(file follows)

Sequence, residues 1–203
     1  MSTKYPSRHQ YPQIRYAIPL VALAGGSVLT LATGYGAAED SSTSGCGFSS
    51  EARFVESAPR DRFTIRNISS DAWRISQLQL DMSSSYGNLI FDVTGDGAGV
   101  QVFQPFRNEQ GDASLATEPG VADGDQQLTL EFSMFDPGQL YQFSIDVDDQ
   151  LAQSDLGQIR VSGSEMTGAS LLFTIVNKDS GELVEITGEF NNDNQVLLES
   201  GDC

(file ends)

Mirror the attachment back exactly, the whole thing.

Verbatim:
Sequence, residues 1–203
     1  MSTKYPSRHQ YPQIRYAIPL VALAGGSVLT LATGYGAAED SSTSGCGFSS
    51  EARFVESAPR DRFTIRNISS DAWRISQLQL DMSSSYGNLI FDVTGDGAGV
   101  QVFQPFRNEQ GDASLATEPG VADGDQQLTL EFSMFDPGQL YQFSIDVDDQ
   151  LAQSDLGQIR VSGSEMTGAS LLFTIVNKDS GELVEITGEF NNDNQVLLES
   201  GDC